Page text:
Book Review – “The Simple Way” by Simon Tyler
A colleague who read my blog recommended this book to me, as she had read it previously and thought it was very relevant. From the title alone I knew i had to read it, so I downloaded the Kindle version and read it immediately. In the introduction, Simon recommends dipping into relevant chapters, or taking one per week, but I am afraid I flouted that rule and read it cover to cover over the last three days!
As you may know, I spent 100 days making my life 100 things more simple with a do-first, think-later mindset. In recent days I’ve written about some of the learnings from those 100 days. As a result, as I began reading this book, I found myself nodding in agreement with just about everything Simon wrote. This is a book born out of years of practical experience with real people, and as such contains real wisdom packaged up in easily digested chunks. So this is why I just read my way all the way through it, violently agreeing with it all and reflecting on how I had discovered similar things over recent months.
To me, The Simple Way is first and foremost a book about success. It just so happens that a large part of being successful comes from the ability to make things simple. Topics such as goal achievement, time management, productivity etc are all here, presented in a way that you may find more helpful than some other, more lengthy texts.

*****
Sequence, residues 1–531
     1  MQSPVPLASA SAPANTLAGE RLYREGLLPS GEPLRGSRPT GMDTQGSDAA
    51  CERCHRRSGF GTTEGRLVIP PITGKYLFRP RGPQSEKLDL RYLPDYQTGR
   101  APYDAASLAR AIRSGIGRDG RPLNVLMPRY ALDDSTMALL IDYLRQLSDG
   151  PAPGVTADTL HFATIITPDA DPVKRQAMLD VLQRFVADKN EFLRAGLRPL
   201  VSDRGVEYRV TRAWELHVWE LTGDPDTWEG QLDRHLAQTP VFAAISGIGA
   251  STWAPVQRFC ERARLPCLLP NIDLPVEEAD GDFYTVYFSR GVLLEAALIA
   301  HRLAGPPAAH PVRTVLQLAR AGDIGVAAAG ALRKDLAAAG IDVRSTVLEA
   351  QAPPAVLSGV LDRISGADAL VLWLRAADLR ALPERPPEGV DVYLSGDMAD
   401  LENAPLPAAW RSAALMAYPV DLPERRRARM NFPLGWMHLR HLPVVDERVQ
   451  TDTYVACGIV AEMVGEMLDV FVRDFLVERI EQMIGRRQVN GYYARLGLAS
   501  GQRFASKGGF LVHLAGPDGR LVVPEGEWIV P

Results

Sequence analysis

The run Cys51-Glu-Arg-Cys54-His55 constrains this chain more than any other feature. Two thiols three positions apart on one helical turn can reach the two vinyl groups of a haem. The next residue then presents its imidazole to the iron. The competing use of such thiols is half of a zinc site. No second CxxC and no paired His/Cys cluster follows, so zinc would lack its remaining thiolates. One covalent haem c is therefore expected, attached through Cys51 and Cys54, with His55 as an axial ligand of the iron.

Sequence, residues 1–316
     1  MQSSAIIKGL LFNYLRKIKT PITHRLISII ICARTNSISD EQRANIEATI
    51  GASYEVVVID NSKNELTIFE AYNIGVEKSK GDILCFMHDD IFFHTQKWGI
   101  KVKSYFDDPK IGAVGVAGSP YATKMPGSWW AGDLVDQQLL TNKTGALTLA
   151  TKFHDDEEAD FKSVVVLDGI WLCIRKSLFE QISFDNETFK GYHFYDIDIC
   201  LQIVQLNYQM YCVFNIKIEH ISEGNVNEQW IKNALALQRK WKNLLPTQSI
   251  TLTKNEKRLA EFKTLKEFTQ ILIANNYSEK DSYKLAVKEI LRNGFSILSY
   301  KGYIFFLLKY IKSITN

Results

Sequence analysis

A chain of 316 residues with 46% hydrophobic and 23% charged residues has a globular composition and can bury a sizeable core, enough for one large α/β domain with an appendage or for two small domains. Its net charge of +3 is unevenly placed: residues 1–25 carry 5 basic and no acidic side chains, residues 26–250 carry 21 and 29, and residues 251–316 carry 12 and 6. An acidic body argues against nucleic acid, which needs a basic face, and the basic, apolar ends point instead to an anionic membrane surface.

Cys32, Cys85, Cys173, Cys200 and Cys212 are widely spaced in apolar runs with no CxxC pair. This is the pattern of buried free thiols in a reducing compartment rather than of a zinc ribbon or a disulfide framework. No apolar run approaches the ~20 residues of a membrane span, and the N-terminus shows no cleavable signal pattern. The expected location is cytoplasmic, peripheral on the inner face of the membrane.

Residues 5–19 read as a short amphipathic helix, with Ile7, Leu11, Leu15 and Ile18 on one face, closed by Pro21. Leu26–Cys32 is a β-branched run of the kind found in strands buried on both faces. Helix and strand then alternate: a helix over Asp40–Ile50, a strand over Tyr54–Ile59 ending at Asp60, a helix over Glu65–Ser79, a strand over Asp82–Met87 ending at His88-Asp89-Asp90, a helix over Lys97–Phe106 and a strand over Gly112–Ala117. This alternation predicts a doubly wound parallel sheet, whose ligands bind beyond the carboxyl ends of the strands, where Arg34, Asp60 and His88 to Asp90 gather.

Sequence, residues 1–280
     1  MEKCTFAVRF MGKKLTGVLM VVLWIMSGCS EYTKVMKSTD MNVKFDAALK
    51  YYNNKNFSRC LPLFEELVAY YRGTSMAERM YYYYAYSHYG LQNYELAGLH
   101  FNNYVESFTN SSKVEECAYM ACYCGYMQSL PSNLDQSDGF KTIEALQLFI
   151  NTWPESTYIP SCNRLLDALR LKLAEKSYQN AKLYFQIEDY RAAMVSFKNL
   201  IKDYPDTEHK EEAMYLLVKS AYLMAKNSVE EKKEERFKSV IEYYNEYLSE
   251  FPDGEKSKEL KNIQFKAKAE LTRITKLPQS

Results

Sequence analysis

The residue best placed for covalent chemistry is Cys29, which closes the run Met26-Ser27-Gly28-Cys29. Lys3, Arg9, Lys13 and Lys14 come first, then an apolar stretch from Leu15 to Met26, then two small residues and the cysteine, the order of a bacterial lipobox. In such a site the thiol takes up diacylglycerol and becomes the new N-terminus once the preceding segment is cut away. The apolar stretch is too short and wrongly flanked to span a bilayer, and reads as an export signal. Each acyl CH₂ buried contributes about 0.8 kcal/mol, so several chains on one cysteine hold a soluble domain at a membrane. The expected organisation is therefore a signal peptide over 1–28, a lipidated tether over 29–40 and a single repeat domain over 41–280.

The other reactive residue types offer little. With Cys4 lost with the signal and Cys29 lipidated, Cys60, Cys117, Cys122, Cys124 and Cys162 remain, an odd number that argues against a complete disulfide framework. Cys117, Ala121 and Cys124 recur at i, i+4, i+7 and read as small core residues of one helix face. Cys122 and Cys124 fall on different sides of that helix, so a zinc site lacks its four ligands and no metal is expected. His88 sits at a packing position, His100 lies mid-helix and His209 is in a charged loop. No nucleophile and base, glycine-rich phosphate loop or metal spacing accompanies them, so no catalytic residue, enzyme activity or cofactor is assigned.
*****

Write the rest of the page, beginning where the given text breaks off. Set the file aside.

The book is organised into 53 “Simple Notes” which are 2-4 page nuggets, each starting with an inspirational quote, and going on to challenging you to consider how this wisdom can be applied to your situation. There is a very handy grid at the beginning of the book which allows you to dip straight into any areas where you need immediate help. I would agree that the way to get most value out of the book would be to take each note one at a time, and consider and apply the learning before moving on. Theory without action is pointless right? However for the interested reader, it is still very powerful to read through and challenge yourself along the way when inevitably the words will expose something that you know you need to work on.
The other thing I really liked was how Simon references his sources all the way through. As the notes are short, it would be impossible to cover the underlying inspiration in detail, but the references allow the inquisitive to look them up and explore further as your interest takes you. I was pleased to see that we also have common sources of inspiration – where I see similar things many times, I see underlying truth and reinforcement of wisdom that I hold dear.
If you are following and enjoying this blog, then I would thoroughly recommend checking out The Simple Way!